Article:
Several members of the jury that convicted Derek Chauvin of murder in the killing of George Floyd said their views on race did not factor into the verdict.

“We got here because of systemic racism within the system, right, because of what’s been going on. That’s how we got to a courtroom in the first place,” juror Nicole Deters told CNN in an interview published Thursday. “But when it came down to all three verdicts, it was based on the evidence and the facts one hundred percent.”

Chauvin, a former Minneapolis police officer, was found guilty of second-degree unintentional murder, third-degree murder and second-degree manslaughter after he knelt on Floyd’s neck for more than nine minutes on May 25, 2020.

Floyd’s death led to nationwide demonstrations for racial equality and against police brutality.

The jurors who spoke to CNN said they probably would have come to the same verdicts if Chauvin had testified in his defense, but they said they would have liked to hear what he was thinking. Videos of the killing, recorded by bystanders and others, factored into the jurors’ decision-making, they said.

“The camera doesn’t lie,” Sherri Belton Hardeman told CNN. “And it was in slow motion at times while you were sitting there in court. … So it was hard. It played a huge role though. It truly did.”

Jurors also discussed the toll of repeatedly watching video footage of Floyd’s death. Jodi Doud told CNN the video “bothered me so much.” She added, “How could somebody do that to someone else? And it was a slow death. It wasn’t just a gunshot and they’re dead.”

Lisa Christensen, an alternate juror who was empaneled with the jury but dismissed before deliberations, has also given interviews.

On Monday, court officials released the names of all 14 sworn jurors and alternates in response to a motion by media outlets including The Washington Post. In the Oct. 25 order granting the outlets’ request, Hennepin County District Judge Peter A. Cahill had noted that court records are presumed public under Minnesota law. The Post is not identifying the jurors who have not come forward publicly; none immediately responded to requests for comment Monday afternoon.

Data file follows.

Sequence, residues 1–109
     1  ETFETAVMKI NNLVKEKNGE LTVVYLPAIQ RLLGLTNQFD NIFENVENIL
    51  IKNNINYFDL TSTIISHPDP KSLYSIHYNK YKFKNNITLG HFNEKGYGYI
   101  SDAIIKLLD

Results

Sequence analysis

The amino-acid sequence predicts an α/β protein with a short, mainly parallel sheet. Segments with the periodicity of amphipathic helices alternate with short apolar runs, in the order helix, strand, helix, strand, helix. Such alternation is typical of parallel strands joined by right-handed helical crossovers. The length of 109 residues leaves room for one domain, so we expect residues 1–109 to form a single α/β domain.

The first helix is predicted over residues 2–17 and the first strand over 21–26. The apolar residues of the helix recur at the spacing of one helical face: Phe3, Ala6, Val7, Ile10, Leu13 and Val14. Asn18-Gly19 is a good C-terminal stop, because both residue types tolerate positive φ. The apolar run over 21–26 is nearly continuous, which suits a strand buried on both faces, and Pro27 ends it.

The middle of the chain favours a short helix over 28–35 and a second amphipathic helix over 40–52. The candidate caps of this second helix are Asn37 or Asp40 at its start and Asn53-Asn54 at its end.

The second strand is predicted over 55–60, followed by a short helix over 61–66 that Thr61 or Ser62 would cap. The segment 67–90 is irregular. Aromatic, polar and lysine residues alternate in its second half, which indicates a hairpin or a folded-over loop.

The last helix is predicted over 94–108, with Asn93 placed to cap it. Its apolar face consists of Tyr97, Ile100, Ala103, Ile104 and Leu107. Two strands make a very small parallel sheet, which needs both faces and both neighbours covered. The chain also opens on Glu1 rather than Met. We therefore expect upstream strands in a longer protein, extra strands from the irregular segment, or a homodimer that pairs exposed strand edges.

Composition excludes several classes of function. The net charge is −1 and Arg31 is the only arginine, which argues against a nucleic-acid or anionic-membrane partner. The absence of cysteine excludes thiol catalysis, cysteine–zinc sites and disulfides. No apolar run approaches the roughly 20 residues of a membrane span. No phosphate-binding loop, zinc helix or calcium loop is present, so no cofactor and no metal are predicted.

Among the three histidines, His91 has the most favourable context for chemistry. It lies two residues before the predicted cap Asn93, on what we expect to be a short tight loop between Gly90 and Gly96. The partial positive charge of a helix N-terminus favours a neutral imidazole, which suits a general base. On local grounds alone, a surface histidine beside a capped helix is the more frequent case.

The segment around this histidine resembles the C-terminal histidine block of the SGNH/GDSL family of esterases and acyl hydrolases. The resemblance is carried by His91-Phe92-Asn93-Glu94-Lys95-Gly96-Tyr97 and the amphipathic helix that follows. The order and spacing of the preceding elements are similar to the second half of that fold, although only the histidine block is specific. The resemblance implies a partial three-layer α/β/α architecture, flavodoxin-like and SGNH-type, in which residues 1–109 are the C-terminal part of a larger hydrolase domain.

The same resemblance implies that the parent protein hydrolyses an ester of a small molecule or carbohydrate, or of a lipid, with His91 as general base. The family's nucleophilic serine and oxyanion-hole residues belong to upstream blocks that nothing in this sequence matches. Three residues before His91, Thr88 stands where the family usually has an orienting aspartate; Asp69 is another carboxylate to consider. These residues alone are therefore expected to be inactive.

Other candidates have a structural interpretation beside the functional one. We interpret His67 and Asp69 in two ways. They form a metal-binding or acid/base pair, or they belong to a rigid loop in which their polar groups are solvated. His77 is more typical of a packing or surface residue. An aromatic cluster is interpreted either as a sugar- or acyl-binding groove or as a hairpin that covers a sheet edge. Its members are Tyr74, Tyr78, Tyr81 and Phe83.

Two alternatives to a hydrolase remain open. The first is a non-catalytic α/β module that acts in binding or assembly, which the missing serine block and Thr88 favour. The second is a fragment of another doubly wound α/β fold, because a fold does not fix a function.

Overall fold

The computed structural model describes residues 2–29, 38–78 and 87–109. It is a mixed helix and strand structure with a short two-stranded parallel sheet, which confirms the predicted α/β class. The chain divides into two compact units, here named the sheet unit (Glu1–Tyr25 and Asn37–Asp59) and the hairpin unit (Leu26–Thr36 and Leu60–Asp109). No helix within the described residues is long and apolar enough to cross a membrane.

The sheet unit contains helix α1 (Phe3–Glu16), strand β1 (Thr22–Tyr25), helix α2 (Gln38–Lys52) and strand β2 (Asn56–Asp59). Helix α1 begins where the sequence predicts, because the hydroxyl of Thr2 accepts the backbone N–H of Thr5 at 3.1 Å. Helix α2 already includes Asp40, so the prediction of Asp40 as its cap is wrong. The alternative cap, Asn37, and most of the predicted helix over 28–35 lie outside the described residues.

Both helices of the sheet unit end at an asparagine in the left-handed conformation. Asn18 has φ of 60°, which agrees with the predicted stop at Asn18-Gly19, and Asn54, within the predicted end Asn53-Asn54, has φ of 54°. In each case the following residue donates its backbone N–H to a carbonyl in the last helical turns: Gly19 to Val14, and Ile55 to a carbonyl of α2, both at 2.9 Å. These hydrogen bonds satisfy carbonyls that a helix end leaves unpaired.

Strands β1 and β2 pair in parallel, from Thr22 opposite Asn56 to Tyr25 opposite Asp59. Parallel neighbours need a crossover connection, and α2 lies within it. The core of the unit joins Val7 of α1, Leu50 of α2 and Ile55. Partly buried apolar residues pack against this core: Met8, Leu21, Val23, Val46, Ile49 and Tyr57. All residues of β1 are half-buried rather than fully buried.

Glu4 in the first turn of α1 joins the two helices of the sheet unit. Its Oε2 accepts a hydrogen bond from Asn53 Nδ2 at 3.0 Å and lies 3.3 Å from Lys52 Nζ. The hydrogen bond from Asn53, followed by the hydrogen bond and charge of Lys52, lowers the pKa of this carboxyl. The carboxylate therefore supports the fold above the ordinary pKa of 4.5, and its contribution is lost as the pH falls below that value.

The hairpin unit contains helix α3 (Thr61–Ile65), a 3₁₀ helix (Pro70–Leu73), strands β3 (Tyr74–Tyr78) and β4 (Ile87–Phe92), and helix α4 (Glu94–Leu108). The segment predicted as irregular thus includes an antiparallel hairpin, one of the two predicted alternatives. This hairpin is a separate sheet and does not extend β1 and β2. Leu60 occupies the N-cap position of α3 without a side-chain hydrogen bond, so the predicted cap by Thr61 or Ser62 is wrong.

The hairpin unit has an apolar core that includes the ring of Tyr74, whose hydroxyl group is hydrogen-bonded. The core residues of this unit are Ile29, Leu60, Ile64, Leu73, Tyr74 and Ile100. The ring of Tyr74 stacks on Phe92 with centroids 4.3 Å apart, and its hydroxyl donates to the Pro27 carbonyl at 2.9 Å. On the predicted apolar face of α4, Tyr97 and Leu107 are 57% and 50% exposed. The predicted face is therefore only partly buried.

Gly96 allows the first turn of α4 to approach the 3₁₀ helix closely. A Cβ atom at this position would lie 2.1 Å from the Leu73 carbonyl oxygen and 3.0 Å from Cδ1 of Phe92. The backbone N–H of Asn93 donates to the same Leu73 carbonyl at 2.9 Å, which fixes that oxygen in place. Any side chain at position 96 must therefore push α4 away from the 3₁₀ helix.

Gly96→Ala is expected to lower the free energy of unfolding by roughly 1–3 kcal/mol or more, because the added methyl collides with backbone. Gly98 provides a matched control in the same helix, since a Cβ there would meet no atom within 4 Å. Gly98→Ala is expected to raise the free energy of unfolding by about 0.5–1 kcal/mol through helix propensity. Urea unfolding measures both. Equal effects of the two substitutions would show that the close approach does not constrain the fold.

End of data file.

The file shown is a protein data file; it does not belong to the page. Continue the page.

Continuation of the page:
The 12 jurors and two alternates were kept anonymous throughout the trial and in the months that followed under an order from Cahill meant to shield them from unwanted contact, harassment, influence or intimidation. The judge cited massive interest in the case, along with hostile behavior and communications directed at Chauvin, his co-defendants, defense attorneys and Hennepin County District Attorney Michael Freeman.

The court previously provided demographic information on the jurors, including gender, age range and racial identity, but barred broadcasting their images. Prosecutors and the defense referred to them by juror number only.

State prosecutors had asked that the identities of the jurors remain sealed. But Cahill wrote in his order that the information is presumptively public unless there is strong reason to believe that the jury needs protection from external threats or that releasing it would interfere with the administration of justice by making it more difficult to seat a jury.

He said he could not determine “any strong reason” to believe that either of those issues remained six months after the trial. The jurors who went public had reported no threats to their safety, he said, and the court was able to seat a jury after jurors were identified in other high-profile cases. Cahill also pointed out that before the trial, he informed the prospective members of the jury that they should expect their identities to be released by the court.

Chauvin was fired from the Minneapolis Police Department shortly after his conviction. A little over a year later, he was sentenced in June to 22½ years in prison. Three other former Minneapolis officers charged in Floyd’s killing are awaiting trial.

Jennifer Jenkins contributed to this report.

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